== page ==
1999 European Regional Conference Proceeding

May 12 - 16, 1999

Conference: 1999 European Regional Conference
Title: Vasopressin-dependent and independent regulation of aquaporin-2 in rats with central diabetes insipidus
Authors: Promeneur, Dominique; Kwon, Tae-Hwan; Christensen, Birgitte Monster; Frokiaer, Jorgen; Knepper, Mark; Nielsen, Soren
Institutions: University of Aarhus, The Water and Salt Research Center, University of Aarhus, National Institutes of Health
Promeneur, Dominique

Aquaporin-2 (AQP2) expression is regulated by vasopressin. However, recent evidences have indicated the presence of vasopressin-independent signal transduction pathways as well, which may be of major physiological and pathophysiological importance. To evaluate the role of vasopressin-independent pathways in regulation of AQP2 expression, vasopressin-deficient Brattleboro (BB) rats were subjected to different protocols.

Protocol 1. Total AQP2 protein levels in untreated BB rats were compared to levels in normaI Wistar rats. In untreated BB rats total AQP2 protein levels were 52 " 8% (n=11) of the levels in normal Wistar rats (100 " 13%, n=12). These high AQP2 protein levels indicate the presence of a major vasopressin-independent regulation.

Protocol 2. Since lithium-treatment is known to affect the adenylyl cyclase activity BB rats were treated with lithium for 1 month. This resulted in a dramatic downregulation of AQP2 protein levels to 15 " 6% (n=5) of levels in control BB rats (100 " 10%, n=6). This extensive downregulation indicates, that the high AQP2 protein levels in untreated BB rats, depend on the signaling cascade involving adenylyl cyclase and hence cAMP.

Protocol 3. BB rats thirsted for 48 hours showed a marked increase in AQP2 protein levels (156 " 22%, n=11) compared to untreated BB rats (100 " 14%, n=12). AQP2 mRNA levels were also increased after 48 hours of thirsting. This demonstrates that thirsting-induced expression is independent of plasma vasopressin, and supports the view that thirsting induces AQP2 expression, at least partly, via vasopressin-independent mechanisms.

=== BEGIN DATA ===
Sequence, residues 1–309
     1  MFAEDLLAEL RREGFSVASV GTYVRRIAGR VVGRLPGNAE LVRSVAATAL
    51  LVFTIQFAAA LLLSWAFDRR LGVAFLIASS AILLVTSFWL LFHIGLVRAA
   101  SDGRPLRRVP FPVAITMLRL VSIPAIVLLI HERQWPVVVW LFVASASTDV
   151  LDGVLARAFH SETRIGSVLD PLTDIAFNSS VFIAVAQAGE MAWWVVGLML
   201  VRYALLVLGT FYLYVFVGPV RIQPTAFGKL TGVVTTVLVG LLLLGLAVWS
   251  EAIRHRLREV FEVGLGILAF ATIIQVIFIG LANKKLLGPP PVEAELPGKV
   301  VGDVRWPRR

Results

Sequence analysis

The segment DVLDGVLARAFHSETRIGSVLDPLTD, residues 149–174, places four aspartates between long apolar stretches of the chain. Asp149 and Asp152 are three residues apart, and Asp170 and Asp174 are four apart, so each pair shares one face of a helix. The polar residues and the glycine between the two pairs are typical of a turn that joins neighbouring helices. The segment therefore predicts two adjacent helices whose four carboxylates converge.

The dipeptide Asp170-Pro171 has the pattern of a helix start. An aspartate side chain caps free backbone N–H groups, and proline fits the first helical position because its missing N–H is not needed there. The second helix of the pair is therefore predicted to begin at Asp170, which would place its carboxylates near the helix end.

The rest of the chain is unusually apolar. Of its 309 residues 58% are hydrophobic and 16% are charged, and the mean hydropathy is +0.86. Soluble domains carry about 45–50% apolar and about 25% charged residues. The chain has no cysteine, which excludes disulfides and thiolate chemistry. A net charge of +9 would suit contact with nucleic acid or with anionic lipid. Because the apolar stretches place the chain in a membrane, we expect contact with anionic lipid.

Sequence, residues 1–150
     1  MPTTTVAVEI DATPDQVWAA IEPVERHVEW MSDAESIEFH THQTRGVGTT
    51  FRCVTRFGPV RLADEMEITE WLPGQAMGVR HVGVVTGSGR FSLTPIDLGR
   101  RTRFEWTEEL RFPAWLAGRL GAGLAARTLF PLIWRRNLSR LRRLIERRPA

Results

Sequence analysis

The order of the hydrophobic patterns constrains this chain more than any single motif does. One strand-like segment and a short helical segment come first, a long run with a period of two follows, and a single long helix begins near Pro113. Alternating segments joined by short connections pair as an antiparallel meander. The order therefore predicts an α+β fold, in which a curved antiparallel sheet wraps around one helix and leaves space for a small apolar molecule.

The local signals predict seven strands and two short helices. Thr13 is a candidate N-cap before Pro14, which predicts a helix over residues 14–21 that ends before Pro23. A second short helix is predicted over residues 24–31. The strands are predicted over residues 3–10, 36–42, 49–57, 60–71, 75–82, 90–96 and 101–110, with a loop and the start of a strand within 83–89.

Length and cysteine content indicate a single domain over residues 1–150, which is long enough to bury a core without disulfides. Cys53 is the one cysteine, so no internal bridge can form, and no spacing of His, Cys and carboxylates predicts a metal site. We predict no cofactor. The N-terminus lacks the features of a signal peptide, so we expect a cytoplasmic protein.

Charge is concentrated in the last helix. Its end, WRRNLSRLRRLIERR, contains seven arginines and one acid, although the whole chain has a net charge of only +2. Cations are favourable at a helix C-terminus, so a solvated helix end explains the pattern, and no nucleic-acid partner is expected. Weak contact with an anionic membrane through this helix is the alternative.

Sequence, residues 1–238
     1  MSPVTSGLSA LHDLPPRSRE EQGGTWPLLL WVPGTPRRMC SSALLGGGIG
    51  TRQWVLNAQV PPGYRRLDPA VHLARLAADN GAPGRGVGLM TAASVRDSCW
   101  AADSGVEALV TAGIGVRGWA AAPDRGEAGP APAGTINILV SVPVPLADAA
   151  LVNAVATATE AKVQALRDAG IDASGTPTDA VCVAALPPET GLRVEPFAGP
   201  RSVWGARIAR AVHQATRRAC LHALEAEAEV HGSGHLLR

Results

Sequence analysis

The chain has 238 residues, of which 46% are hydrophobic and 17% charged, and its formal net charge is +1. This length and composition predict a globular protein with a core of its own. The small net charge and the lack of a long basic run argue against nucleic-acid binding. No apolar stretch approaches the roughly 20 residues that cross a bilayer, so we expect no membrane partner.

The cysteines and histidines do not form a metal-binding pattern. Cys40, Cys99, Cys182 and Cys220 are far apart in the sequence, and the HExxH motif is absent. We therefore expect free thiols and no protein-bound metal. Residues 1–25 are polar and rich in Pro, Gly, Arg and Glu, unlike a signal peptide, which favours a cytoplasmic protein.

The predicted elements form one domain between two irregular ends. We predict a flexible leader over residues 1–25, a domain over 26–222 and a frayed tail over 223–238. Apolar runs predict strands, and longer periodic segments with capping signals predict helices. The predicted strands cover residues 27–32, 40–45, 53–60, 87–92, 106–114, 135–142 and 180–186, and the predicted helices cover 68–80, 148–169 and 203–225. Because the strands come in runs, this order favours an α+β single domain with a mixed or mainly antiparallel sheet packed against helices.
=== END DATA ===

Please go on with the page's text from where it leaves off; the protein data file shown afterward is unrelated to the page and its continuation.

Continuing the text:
Protocol 4. BB rats treated with a vasopressin V2-receptor antagonist (SR 121463A, 0.4 mg/day, s.c. administration) for 48 hours showed reduced AQP2 levels (protein or mRNA) and an increased urine output. This suggests that there is a systemic vasopressin-like activation of V2 receptors (e.g. oxytocin) in BB rats.

Combined, the present data strongly suggests:

  1. that regulation of AQP2 expression via vasopressin-independent
  2. pathways represents a major pathway,
  3. that the vasopressin-independent signaling may activate or inhibit
  4. the V2-signaling pathways, and
  5. that expression and trafficking of AQP2 can be differentially regulated.

Aquaporin-2 (AQP2) is expressed in the principal cells of the kidney collecting duct and is regulated by vasopressin (AVP). Recent studies have indicated that its expression may also be controlled by factors other than AVP. Promeneur, et al, conducted tests with Brattleboro (BB) rats which have an inherited inability to synthesize AVP. The purpose of their study was to evaluate the role of AVP independent pathways in regulation of AQP2.

Their experiments showed that depriving BB rats of water for 48 hours resulted in an increase in AQP2 expression in association with a significant increased urinary concentration. In addition, BB rats treated with lithium or a vasopressin V2-receptor antagonist showed a decrease in AQP2 expression rats and a significant increase in urine output.

Therefore, the researchers have concluded that there is a molecular pathway other than the AVP pathway that can regulate AQP2 expression in BB rats. These molecular mechanisms may involve vasopressin V2-receptors, and cAMP signal transduction pathways.